SOME QUESTIONS ANSWERED
DUNE-BUILDER A very specialised plant which gets the nickname of dune-builder is Marram grass (see Plant ID). Marram is a lonesome pioneer spreading out into loose, bare sand where it somehow finds nourishment while its roots bind the sand together. When we move inland to where the dunes are more vegetated and the whitish sand is darkened to a greyish-brown soil by decaying, organic matter, Marram is absent. Downhill J.A.
Q. HOW DO TIDES WORK? GRAVITY In a word, gravity! Tides are measurable, rhythmic and predictable twice-daily movements of our seas and oceans. It is principally the combined pulling powers of the sun and the moon on our seas that cause the tides. Our orbiting moon ‘pulls’ the water after it and as we all orbit the sun, we come under it’s immense gravitational pull too. Our own planet’s gravity and the friction of the sea bed, counters these influences to some degree. In addition, the rotation of the Earth, the great ocean currents of the world, the wind, the shape of the land above and beneath the sea and the texture of the sea bed all combine to influence the speed and direction of the tides. The difference in times between every high and low tide is roughly 12.5 hrs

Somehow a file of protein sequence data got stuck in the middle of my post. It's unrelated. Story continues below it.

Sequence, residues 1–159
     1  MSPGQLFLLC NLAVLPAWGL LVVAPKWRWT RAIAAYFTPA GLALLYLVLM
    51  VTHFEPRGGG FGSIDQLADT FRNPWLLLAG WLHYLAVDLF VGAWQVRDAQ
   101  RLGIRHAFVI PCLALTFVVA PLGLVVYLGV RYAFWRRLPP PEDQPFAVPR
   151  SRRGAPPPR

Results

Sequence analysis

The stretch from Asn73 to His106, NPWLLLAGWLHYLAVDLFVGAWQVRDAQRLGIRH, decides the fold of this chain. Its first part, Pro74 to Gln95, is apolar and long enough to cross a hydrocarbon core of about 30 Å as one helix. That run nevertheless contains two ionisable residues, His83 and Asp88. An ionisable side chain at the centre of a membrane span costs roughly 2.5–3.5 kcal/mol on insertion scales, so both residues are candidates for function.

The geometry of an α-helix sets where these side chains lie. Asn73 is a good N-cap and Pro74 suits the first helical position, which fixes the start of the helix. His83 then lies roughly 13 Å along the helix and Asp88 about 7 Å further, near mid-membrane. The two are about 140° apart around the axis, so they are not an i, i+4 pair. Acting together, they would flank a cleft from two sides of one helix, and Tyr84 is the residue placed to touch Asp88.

which is half the time it takes the moon to circle the Earth hence we get two high and two low tides every 24 hrs. However rather than one great progressive tide circling the earth, there are a number of local tides differing greatly in the areas they cover. All coastal and near shore life including the activity of the human beach visitor is influenced by tidal movement. SPRINGS AND NEAPS Because our orbiting patterns vary seasonally we also see seasonal trends in our tides. More noticeably, as the sun and moon occur opposite to each other (with us in the middle) we experience extremely high tides (springs) and when at right angles to each other we experience the least tidal movements (neaps). (see later for safety information on tides).
Published on Jun 15, 2011